Writing FanFiction is fun, you see, and FanFics can be fun to read. Once you find some authors you like and start to follow them regularly, you’ll find the experience more and more rewarding.

Feeling spontaneous? Here’s some spontaneous FanFiction for you.

“Wash, we seem to be getting a might close to that sun,” Mal said.

Wash held the flight controls tightly and grimaced. “Afraid we’re going to get a whole lot closer, Cap’n. We’re caught in its gravity well. Got a plan though,” he said.

“Please tell me it doesn’t involve turning my boat into a molten puddle.”

“Can’t promise anything, but I think I can slingshot us ‘round the sun if I increase the speed,” Wash said.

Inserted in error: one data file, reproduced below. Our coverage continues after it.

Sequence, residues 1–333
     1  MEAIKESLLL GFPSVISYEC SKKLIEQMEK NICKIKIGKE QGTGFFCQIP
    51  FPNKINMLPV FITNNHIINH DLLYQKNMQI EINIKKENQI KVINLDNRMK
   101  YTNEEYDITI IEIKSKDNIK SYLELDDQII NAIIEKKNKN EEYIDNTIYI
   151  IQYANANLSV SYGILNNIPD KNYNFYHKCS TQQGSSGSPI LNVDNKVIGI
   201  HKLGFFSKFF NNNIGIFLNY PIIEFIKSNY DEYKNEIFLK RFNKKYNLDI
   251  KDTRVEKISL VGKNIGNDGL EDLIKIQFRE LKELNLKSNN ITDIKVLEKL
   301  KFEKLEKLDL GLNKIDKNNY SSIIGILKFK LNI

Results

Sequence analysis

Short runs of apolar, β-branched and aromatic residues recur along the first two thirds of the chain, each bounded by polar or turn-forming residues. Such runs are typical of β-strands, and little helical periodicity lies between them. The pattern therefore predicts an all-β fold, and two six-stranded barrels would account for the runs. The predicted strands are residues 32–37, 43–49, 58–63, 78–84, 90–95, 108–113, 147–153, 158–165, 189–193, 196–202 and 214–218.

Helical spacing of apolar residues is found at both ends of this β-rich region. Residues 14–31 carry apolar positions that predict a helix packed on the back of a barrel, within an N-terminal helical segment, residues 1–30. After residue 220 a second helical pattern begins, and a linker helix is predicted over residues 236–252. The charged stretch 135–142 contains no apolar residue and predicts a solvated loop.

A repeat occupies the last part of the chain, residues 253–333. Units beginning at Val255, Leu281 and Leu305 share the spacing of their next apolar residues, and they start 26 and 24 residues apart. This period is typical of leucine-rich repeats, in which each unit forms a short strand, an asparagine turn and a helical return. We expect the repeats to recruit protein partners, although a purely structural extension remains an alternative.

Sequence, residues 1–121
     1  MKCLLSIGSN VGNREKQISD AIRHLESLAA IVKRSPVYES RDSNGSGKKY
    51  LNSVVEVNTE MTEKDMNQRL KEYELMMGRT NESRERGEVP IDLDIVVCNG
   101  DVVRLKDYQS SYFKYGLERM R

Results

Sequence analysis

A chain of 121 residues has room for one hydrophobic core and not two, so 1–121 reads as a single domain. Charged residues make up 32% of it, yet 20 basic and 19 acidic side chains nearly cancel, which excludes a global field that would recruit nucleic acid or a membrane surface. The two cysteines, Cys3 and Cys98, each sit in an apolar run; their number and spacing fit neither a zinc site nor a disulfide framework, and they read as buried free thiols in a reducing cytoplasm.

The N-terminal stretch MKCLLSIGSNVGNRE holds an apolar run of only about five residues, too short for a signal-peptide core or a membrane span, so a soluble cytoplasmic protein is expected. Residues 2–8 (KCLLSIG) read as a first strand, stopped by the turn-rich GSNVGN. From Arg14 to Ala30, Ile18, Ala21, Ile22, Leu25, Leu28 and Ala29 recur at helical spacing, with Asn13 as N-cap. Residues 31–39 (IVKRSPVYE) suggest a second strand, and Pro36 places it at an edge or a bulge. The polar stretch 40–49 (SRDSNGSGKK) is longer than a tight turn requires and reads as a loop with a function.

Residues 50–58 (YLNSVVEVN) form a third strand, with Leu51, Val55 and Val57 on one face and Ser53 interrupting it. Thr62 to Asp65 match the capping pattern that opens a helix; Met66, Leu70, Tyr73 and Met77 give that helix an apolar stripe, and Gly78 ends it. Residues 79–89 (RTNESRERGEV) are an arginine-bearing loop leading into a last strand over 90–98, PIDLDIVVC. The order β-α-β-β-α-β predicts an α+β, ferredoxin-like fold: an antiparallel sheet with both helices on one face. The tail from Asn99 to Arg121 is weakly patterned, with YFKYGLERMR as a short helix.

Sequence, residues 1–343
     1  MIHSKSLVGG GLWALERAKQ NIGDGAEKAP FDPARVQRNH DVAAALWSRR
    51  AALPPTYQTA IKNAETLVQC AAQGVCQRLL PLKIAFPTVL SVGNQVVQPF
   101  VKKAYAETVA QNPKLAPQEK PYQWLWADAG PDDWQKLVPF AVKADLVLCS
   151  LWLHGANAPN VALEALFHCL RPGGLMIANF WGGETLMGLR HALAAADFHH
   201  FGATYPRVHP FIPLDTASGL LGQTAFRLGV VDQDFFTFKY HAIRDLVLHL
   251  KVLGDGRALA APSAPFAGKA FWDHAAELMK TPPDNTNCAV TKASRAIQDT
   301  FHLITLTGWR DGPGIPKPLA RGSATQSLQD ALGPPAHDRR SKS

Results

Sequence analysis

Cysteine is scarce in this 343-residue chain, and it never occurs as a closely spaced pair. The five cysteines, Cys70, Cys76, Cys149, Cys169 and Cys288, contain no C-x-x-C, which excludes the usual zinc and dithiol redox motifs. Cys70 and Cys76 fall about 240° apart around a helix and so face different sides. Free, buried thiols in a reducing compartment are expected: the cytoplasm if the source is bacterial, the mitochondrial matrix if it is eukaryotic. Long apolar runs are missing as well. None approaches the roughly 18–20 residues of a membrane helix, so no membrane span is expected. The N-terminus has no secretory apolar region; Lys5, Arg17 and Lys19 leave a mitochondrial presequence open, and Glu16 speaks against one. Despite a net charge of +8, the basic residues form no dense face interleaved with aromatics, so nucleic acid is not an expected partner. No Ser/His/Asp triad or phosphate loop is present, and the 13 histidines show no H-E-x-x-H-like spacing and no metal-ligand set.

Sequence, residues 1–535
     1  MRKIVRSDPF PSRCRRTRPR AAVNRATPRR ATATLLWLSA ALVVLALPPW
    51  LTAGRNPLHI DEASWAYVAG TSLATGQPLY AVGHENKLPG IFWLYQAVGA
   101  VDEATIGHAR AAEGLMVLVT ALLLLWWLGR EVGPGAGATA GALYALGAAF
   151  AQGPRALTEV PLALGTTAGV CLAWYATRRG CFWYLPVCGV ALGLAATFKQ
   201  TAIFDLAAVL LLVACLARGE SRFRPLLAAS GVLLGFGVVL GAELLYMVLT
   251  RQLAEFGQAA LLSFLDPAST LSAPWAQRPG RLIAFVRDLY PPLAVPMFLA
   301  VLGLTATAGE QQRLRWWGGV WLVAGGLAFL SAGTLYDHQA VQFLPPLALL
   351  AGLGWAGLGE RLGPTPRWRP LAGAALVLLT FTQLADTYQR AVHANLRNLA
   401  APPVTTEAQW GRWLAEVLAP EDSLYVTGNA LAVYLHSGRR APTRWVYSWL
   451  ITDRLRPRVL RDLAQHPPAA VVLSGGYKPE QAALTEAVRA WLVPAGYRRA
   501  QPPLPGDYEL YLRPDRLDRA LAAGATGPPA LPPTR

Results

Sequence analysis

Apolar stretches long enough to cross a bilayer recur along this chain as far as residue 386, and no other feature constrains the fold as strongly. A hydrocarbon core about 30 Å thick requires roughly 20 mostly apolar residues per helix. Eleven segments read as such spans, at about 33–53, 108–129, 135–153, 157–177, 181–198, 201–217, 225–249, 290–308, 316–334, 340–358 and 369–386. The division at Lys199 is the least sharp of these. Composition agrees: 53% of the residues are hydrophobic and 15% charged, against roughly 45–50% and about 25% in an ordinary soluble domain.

“Sorry, did you say you wanted to fly us into the sun faster? That’s your plan?”

“Here we go,” Wash said, and keyed in the course and speed.

Mal picked up the intercom. “Um, this is the Captain. Those of you who like your meat extra crispy are in for a treat. Hang on to something.”

Some time later, he wasn’t sure how long, Mal picked himself up off the floor in confusion. Then it came to him. The sun. Slingshotting. Glancing out the forward window, they seemed to be in orbit around a planet that he didn’t recognize.

Mal shook Wash by the shoulder. “Wash! I need to you come ‘round, figure out where we are.”

But as Wash struggled to regain his sensibilities, Serenity received a voice transmission.

“This is Captain James T. Kirk of the starship Enterprise. Please identify yourself.”

Mal and Wash looked at each other.

“Oh, crap,” said Wash.

Oh, didn’t I say? You can write FanFiction crossovers as well. Feel free to take the above as a writing prompt and finish the story.


The image is from http://keep-calm-and.tumblr.com